By Ed Travis
The original Callaway Golf Epic irons released in the spring of 2017 had something of a “concept car” approach with several features that were at the forefront of iron technology. The cast heads had a tungsten weight positioned low towards the sole, the hosel was hollow and they gained the reputation of hitting the ball a long way. Less favorable feedback however was especially the short irons weren’t consistent distance-wise as they needed be.
This year’s replacements tagged Epic Forged do not have cast heads and Callaway hopes they will not only correct the shortcomings of the old ones but provide a breakthrough in game-improvement ultra-premium price irons. They fit neatly into the slot between Callaway’s players-distance category Apex 19s and their super game-improvement Big Berthas becoming the latest game-improvement irons with forged heads to target golfers in the 6 to 20 handicap range.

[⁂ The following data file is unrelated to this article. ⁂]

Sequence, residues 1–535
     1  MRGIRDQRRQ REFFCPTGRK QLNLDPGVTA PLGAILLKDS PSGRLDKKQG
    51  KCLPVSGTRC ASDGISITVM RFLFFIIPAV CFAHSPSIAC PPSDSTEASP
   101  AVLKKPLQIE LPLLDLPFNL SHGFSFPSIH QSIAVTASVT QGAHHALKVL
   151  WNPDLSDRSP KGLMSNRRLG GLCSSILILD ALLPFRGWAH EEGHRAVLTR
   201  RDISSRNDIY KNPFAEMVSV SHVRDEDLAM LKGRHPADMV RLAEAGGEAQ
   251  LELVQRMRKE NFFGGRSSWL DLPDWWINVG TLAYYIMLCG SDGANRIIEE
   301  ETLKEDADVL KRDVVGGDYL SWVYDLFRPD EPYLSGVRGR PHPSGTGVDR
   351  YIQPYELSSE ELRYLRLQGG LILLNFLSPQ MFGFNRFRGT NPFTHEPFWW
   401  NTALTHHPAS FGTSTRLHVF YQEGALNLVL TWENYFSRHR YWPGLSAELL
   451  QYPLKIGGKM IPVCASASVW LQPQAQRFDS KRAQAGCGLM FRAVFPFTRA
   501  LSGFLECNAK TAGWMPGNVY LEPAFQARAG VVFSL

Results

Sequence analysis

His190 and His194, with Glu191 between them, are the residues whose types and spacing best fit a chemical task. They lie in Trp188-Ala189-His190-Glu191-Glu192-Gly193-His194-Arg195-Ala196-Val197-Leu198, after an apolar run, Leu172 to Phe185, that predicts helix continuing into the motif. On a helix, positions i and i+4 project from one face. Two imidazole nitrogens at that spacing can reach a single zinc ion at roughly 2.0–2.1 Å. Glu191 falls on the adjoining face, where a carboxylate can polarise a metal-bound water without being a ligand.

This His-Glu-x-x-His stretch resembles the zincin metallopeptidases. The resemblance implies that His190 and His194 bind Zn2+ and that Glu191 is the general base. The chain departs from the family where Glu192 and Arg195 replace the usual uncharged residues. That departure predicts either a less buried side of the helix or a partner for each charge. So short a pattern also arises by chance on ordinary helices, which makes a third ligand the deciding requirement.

They have a number of interesting features starting with the looks which are very clean with a well-proportioned hollow clubhead in a bright finish (Callaway calls it Platinum Chrome) of the 1025 carbon steel head.
The upmarket placement of the Epic Forged irons includes as stock the Golf Pride Tour Velvet Align Silver grip and a choice of stock shafts. In steel it’s the Aerotech Steelfiber Flight Control series designed for the slower swing speed player and in graphite the Mitsubishi Tensei AV Silver with a mid-launch, mid-spin profile.
In the spectrum of prices, the Epic Forged irons are near the top at $300 each or $2,400 for 5-iron (21°) through gap wedge (51°). For comparison a set of eight Apex 19 model irons with steel shafts carry a $1,400 price and a set of eight Big Bertha irons with graphite shafts list for $1,300.